GE Grid Solutions is investing tens of millions of dollars to expand its range of sulfur hexafluoride (SF6)-free substation equipment. By 2025, the offering will include SF6-free gas-insulated substations and instrument transformers up to 420 kV, as well as circuit breakers up to 550 kV.
US-based Excelerate Energy will proceed with developing a floating LNG import terminal in the Bay of Batangas, Luzon, having received the go-ahead from the Philippines. The FSRU will supply gas to power stations in the region, ensuring stable electricity for metropolitan Manila.
Japan has committed to invest $10 billion in LNG import infrastructure and related power projects in India and Southeast Asia. The initiative is backed by public-sector financing from JBIC, and analysts expect it will help LNG compete with other fuels like coal in emerging economies.
Korea Electric Power Corporation (KEPCO) has developed artificial intelligence (AI)-based gas turbine monitoring. The system collects and analyses data from sensors installed in generators to predict parts malfunction and preempt turbine failures.
Natural gas is set to become a 'high-carbon fuel' after 2025, as the perception of gas generation changes over time amid EU member states trying to reach the European Commission's carbon reduction goals. "In the short-term, we need gas [generation] to keep the lights on," but analysts stressed "Carbon Capture Storage (CCS) will need to kick off after 2020."
Specialty chemical group Evonik Industries has contracted Siemens to build a combined-cycle power plant as a turnkey project at the Marl Chemical Park in the German state of North Rhine-Westphalia. The two-unit CCGT will replace Evonik’s onsite coal power plant by 2022.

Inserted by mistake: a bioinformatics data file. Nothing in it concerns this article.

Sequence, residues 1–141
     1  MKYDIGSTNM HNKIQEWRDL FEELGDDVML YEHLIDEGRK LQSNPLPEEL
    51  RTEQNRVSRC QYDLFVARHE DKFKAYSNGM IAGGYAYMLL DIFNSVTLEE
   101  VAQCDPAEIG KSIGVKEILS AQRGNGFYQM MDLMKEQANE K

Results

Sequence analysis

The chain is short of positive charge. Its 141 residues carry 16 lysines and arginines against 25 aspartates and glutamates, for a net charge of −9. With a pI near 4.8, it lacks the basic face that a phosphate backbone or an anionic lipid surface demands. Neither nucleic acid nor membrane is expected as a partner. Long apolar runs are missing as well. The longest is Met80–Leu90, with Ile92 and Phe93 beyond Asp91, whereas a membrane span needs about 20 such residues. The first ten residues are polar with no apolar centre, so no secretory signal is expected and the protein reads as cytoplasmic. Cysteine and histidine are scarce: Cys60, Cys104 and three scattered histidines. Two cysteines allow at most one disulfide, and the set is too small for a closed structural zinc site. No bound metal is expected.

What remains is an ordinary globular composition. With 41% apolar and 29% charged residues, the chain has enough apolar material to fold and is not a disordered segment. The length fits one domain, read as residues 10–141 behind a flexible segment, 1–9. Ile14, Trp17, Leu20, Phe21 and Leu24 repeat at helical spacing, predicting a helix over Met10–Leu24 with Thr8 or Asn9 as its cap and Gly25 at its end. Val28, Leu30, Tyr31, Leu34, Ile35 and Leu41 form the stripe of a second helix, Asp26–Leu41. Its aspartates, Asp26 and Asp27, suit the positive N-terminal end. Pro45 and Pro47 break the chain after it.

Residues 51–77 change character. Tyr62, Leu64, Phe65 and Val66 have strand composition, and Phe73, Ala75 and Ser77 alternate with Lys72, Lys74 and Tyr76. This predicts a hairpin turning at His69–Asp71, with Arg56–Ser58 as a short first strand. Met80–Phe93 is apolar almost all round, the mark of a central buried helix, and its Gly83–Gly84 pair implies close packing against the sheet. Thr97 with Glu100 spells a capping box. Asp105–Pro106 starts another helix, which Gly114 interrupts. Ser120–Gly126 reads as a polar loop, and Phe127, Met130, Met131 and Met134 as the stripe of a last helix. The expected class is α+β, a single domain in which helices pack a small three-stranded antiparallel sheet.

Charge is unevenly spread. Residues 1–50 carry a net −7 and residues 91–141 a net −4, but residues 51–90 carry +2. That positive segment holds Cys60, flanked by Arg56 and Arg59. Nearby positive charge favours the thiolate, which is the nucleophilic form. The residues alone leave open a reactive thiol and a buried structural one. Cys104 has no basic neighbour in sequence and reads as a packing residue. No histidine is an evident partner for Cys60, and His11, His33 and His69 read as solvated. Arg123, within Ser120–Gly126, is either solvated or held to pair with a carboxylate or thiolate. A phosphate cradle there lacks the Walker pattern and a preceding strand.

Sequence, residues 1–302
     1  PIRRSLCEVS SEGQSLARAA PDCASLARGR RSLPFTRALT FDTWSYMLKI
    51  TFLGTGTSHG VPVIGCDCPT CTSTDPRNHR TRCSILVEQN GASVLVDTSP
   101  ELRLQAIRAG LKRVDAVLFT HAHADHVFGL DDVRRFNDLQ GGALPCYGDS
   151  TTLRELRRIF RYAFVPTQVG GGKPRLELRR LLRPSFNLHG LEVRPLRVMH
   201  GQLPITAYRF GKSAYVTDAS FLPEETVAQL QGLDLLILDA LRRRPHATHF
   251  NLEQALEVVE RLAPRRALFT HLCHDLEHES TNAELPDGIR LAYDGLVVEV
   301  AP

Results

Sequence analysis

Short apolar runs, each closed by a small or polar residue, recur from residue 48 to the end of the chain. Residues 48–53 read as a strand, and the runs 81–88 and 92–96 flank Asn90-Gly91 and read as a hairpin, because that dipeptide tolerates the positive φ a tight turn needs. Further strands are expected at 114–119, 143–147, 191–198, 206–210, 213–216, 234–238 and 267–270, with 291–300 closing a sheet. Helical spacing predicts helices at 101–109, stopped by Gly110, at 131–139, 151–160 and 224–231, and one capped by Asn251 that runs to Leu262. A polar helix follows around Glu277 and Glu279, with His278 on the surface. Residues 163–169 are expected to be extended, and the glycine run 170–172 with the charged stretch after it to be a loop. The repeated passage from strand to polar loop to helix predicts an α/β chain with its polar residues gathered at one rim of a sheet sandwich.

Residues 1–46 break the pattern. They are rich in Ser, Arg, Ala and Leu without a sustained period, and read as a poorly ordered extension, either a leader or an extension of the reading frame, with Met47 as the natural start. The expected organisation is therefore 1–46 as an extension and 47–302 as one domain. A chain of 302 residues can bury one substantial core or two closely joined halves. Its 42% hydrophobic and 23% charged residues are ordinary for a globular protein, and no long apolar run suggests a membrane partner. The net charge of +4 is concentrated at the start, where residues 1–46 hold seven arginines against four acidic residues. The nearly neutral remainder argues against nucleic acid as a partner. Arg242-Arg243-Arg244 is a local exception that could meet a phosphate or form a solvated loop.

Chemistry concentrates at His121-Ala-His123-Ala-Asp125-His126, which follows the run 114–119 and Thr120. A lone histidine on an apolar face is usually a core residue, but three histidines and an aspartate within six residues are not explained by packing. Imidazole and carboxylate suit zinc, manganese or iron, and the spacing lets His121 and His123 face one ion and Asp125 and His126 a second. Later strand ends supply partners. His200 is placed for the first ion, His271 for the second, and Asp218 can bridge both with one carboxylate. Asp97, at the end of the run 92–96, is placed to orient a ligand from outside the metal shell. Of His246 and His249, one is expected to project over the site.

The American Pipeline and Hazardous Materials Safety Administration (PHMSA) has introduced a three rules. Operators need, among others, reconfirm the material strength of their lines to ensure safe transport of the abundant U.S. natural gas production to LNG export terminals, domestic industry and power generators.
To meet burgeoning demand, Southeast Asia will have to invest an average of $17 billion per year in on new power generation units. Cheap coal is forecast to cover the lion’s share, before being overtaken by gas and renewables starting from 2034.
French power company EDF has admitted today that works for the Hinkley Point C nuclear power plant are running 15 months late and will cost nearly £3 billion more than the planned £22 billion. Critics dismiss new nuclear as expensive, compared with cheaper cost for gas gensets and offshore wind.
Fast-growing Asian economies will trigger a nearly 50% rise in world energy consumption by mid-century, according to the International Energy Outlook 2019. Gas use in non-OECD countries is set to surge 70% to reach 120 quadrillion British thermal units (Btu) in 2050.
India’s energy giant Petronet has signed a $7.5 billion agreement with Tellurian to take a stake in Driftwood LNG and import 5 mtpa. If supplies can be delivered at a close-to-fixed-price, analysts see it as “extremely attractive” for ensuring downstream sales to Indian power producers and industry.
South Korea’s state-run KOGAS has agreed with BP to buy 1.58 million tons of US LNG annually starting from 2025. The deal is worth an estimated $9.61 billion over 18 years and will help facilitate a coal-to-gas switch in the Korean power sector.
Government auctions aimed at shutting down Germany’s hard coal-fired power plants are estimated to cost the state some 1.2 billion Euros in ‘decommissioning premiums’ by 2030. But these substantial payments will likely not be enough to make operators shut down 13 GW by 2030, as planned.
Doosan Heavy Industries & Construction, a key South Korean contractor for energy projects, has managed to develop a proprietary large-scale gas turbine. With its new DGt6-300H S1 model, Doosan HI is now vying to compete with the Big Four of GE, Siemens Ansaldo Energia and MHPS.
Wind power could soon be cheaper in Britain than electricity from gas-fired power plants. Contracts for difference (CfDs), awarded at auction for nearly 6 GW of new wind farms, came in at £8-9/MWh below the government’s ‘reference price’ for electricity in the open market.